MSF also works in the southern governorates of Babil, Kerbala and Najaf, providing humanitarian aid and mental healthcare to thousands of displaced people from governorates including Ninewa and Anbar. MSF is also contributing to fighting an outbreak of scabies among the displaced people in the area.

Ensuring a comprehensive humanitarian response

MSF is supporting people living in villages and precarious urban settings by distributing essential relief items, such as hygiene kits and tents, providing clean water and installing latrines, showers and washing areas. Emergency interventions are carried out in response to epidemics that range from scabies to cholera. Good sanitation is particularly important in the summer months, when rising temperatures increase the risk of epidemics. As temperatures drop in the winter months, MSF teams have distributed blankets to people in Salah Al Din, Diyala, Anbar, Baghdad, Kirkuk, Kerbala, Najaf, Wassit and Babil governorates.

Healthcare for Syrian refugees

Since May 2012, MSF has been the main humanitarian organisation providing medical services, in collaboration with the Directorate of Health of Dohuk, to Syrian refugees in Domiz camp, the largest refugee camp in Iraq

In its clinic in Domiz refugee camp, the MSF team provides round-the-clock emergency care, with referrals for patients who need specialised treatment. Our staff also provide general medical consultations, sexual and reproductive healthcare and mental healthcare, treat non-communicable diseases, and run health promotion activities. 

In August 2014, in response to increasing needs, MSF opened a maternity unit in the camp where women can deliver their babies safely and access reproductive healthcare.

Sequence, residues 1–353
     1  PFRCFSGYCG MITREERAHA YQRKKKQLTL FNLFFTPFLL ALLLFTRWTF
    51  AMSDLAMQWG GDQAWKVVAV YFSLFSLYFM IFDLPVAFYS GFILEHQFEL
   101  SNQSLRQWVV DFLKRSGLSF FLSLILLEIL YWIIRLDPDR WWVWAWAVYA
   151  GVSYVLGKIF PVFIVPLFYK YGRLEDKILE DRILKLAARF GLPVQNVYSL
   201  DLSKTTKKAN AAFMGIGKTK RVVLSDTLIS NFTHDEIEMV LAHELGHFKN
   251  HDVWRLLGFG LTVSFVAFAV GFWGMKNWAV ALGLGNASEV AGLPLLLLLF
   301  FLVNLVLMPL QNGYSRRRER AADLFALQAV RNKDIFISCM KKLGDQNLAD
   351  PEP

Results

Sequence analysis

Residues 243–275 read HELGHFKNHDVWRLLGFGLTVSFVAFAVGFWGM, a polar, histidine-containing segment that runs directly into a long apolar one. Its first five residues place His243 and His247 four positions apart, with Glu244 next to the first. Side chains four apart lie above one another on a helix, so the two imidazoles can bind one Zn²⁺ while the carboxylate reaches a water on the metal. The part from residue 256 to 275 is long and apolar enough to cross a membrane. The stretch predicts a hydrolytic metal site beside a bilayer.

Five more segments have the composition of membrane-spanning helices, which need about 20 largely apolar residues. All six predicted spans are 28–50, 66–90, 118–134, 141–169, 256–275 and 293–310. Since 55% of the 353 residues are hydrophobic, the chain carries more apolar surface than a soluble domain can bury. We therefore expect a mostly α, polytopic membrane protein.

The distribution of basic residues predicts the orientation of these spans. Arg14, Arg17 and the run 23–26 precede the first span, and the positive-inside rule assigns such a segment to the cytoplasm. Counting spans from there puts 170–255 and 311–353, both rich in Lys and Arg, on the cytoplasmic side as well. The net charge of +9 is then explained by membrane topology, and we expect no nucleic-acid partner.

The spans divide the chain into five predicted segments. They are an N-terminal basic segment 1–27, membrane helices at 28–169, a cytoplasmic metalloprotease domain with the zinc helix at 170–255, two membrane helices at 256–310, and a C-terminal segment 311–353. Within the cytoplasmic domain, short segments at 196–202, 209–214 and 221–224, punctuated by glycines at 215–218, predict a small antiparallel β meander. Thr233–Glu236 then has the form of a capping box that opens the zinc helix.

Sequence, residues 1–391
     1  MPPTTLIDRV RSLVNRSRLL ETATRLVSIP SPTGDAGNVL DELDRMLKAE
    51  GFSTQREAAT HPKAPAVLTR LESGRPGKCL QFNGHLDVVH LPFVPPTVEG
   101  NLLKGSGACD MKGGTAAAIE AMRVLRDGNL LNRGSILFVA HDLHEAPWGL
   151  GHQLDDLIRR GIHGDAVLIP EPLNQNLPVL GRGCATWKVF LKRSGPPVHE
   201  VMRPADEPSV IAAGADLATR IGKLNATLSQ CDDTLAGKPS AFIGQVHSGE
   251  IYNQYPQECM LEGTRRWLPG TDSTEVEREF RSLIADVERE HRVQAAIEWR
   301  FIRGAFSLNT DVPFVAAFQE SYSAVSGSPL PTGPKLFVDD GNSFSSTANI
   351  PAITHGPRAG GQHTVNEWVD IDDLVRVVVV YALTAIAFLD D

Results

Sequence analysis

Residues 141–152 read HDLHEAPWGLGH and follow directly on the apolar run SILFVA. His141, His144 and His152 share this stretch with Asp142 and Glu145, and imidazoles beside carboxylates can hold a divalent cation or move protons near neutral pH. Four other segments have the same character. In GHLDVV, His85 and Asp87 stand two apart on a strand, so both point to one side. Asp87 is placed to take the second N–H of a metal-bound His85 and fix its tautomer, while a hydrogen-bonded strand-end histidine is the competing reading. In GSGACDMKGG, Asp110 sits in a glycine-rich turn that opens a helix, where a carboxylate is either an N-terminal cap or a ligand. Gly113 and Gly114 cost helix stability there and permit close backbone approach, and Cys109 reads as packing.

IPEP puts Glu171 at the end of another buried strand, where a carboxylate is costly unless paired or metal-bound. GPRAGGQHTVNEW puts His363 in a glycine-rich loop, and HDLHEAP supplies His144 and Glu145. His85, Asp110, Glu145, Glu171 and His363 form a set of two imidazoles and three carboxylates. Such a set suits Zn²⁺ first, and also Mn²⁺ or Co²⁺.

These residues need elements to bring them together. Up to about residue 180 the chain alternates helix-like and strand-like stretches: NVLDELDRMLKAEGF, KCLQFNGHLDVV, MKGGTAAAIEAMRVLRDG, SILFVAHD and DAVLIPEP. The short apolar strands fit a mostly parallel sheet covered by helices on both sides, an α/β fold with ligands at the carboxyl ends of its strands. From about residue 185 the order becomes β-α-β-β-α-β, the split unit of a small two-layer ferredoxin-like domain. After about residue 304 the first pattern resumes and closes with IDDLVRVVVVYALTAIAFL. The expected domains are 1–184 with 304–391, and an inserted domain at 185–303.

In Erbil governorate, a team of MSF psychologists and psychiatrists provide mental healthcare to Syrian refugees in the Kawargosk, Gawilan and Darashakran camps.


Since August 2006, a network of Iraqi doctors has been referring victims of violence from all over Iraq to MSF’s reconstructive surgery hospital in Amman, Jordan. The surgical team specialises in highly complex surgery requiring multiple stages of treatment, in particular maxillofacial surgery (dealing with the head, neck, face, jaw and sinuses), orthopaedic surgery and surgery for patients with severe burns. Patients also receive physiotherapy and psychosocial support.

Training of Iraqi medical and para-medical staff
Periodically MSF also organises medical training programmes for Iraqi doctors in association with the Iraqi Ministry of Health. In early 2015, 12 Iraqi physiotherapists attended a 10-week-long training session in early physiotherapy.  

Over recent years, MSF has also supported the Baghdad-based Poisoning Control Centre (PCC) by providing antidotes that are difficult for the Ministry of Health to obtain.